When the sound and light finally recede, the world is tomb-like, blanketed by both an unnatural darkness--a complete and utter absence of any form of light--and an absolute and eery silence.

It resembles a tomb in one other way, as well; it is almost entirely devoid of living, breathing human beings.
The passengers left on the jet can now be counted on one hand. Likewise, with the inhabitants of admittedly-small (but not that small) Jesman’s Bend. The same seems to be the case wherever you look, actually; nearly everyone, everywhere, has just disappeared... vanished without a trace, into the murky darkness.
Twenty-four hours go by, and then, something strange happens (as if this empty new world didn’t already push the very limits of bizarre); people start returning.
The problem, for those who remained when the others did their presto-magic disappearing acts, is that something just isn’t right about those who’ve come back. (Things such as the dark sunglasses, gloves, and strangely-awkward gaits are obvious clues to that particular bombshell). No, it’s pretty much as wrong as wrong can be, especially once it becomes clear that not only are the returnees altered... but that they seem to have some mighty evil plans in store.
✈ ... ☎ ... ☠ ... ✇
Author Crowther shows an impressive patience when setting things up, letting us get a real feel for the main characters (so that the choices they make and the sometimes-extreme actions they later take will ring true? so that we’ll be invested in them as people, instead of thinking of them only as convenient props for something to happen to?), and his restraint is effective, allowing, as it does, for a wealth of tension and suspense to build up. Once things start happening, though, it’s a no-holds-barred, full-on frontal assault of action, terror, and (okay, let's be blunt, here) gore. (If you can’t handle any ookiness whatsoever, then this isn’t for you. Trust me.)  
Darkness Falling is, without a doubt, one of the spookiest, creepiest books I’ve ever read. Ever. (I mean that in a good way, though.) Drawing from those fabulously-fun (and much beloved-by-me in reruns) TV frightfests from days gone by--think “The Twilight Zone”, “Kolchak: The Night Stalker”, and “Tales from the Crypt”, here--then pulling in elements from some of the better sci-fi/horror movies and sci-fi/thrillers, and finishing it all off with dollops of relationship drama and tongue-in-cheek humor, Crowther delivers some creepy-cool fun.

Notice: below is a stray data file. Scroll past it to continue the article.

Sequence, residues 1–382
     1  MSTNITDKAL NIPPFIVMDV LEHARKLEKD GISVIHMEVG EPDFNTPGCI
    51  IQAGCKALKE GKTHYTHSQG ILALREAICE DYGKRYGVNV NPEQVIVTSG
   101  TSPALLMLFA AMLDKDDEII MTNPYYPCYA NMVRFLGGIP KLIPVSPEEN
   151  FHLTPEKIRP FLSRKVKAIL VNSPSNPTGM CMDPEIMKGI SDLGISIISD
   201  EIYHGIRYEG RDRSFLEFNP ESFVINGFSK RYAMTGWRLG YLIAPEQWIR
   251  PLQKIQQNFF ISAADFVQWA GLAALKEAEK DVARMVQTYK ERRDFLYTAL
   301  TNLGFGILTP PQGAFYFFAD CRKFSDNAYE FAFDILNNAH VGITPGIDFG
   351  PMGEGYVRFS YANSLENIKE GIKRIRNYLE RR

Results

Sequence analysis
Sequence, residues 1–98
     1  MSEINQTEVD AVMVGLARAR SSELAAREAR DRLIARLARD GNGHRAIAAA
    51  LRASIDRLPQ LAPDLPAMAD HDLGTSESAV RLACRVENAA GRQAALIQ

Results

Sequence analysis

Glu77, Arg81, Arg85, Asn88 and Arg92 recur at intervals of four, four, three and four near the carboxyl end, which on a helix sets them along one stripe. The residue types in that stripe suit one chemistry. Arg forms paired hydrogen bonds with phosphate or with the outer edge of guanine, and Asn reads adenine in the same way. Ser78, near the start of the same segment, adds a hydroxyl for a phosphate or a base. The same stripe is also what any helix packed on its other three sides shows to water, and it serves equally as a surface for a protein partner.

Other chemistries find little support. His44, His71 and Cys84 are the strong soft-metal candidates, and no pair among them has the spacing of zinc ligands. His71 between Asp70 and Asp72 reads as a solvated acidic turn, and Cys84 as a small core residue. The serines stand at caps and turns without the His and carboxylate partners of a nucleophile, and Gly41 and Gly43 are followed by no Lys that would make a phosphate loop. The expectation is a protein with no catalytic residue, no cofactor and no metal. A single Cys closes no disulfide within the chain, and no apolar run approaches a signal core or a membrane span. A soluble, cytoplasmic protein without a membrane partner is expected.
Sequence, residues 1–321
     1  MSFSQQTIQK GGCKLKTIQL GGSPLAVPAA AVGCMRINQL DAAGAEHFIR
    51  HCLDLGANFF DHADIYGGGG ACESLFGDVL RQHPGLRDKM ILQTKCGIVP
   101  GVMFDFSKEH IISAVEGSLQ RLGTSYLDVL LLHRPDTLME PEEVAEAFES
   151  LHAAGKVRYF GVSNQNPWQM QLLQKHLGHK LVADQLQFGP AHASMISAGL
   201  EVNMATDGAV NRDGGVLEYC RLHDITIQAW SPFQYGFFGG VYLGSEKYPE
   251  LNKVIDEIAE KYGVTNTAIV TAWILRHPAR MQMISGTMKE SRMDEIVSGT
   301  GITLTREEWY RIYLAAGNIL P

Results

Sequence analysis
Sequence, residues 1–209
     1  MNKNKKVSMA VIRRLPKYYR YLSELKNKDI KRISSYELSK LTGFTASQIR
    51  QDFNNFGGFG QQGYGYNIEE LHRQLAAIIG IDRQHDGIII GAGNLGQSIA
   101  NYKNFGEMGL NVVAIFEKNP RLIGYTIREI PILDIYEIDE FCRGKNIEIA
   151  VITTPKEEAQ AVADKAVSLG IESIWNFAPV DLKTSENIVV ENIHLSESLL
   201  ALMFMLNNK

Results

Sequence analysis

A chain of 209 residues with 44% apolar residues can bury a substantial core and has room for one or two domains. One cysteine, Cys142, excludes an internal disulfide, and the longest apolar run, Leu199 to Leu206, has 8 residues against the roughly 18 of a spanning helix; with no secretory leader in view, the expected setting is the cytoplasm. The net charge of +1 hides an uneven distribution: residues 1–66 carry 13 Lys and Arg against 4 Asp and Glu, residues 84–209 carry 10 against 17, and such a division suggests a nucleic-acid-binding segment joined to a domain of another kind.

As mentioned earlier, if “gruesome” isn’t your bag, you’ll want to steer clear. If, on the other hand, you like to throw a little eyes-wide-open-and-breath-held-in-wincing-anticipation reading into the mix, now and then, this one should find a place on your list. 
GlamKitty Catnip Mousie Rating: 4 out of 5 (goosebumpy) Catnip Mousies
[Note: Darkness Falling will be released 9/27/11.] 

Sunday, September 4, 2011

Sons, Daughters, & the Deep Blue Undersea

It’s always something, when it comes to life in Faerie... and for a knight who’s only recently added “Countess” to her growing list of names and titles, truer words were never spoken.
Sir October Daye is still getting used to all the changes that have taken place since she unravelled the nefarious plot against her liege, Duke Sylvester Torquill of Shadowed Hills, and his wife, Luna. Their daughter--the insane, angry, and unhappy Rayseline--has fled to parts unknown. Sylvester has seemingly aged overnight, and Luna now wears a mantle of sadness instead of her former kitsune disguise.
Things have altered for Toby, as well. After being hit with deadly elfshot during the last skirmish, she underwent some major (magical) resuscitation efforts--courtesy of her freaky-powerful (but rarely-seen) mother, Amandine--which left her... well, rather different than she was before... and she’s still trying to come to grips with what all of that means.  
Not everything’s doom, gloom, and thirty-nine shades of awful, though (thank Oberon). Toby has the running of her newly-acquired knowe, Goldengreen, to keep her busy. Sylvester insisted she learn how to use a sword (which, let’s be honest, is a pretty savvy move, given how often she ends up staring down some Big Bad), so she’s (okay, grudgingly) taken up training like an Olympic hopeful and is in the best shape of her life. There’s also the squire that she’s finally been persuaded to take on (much to everyone’s delight). Oh, and a love life. She (woo-hoo!) even has one of those now, too.
This is where that “it’s always something” comes in, though... the point where Toby’s world turns upside down once more, in the fifth of author Seanan McGuire’s continuing tales of Toby and company, One Salt Sea.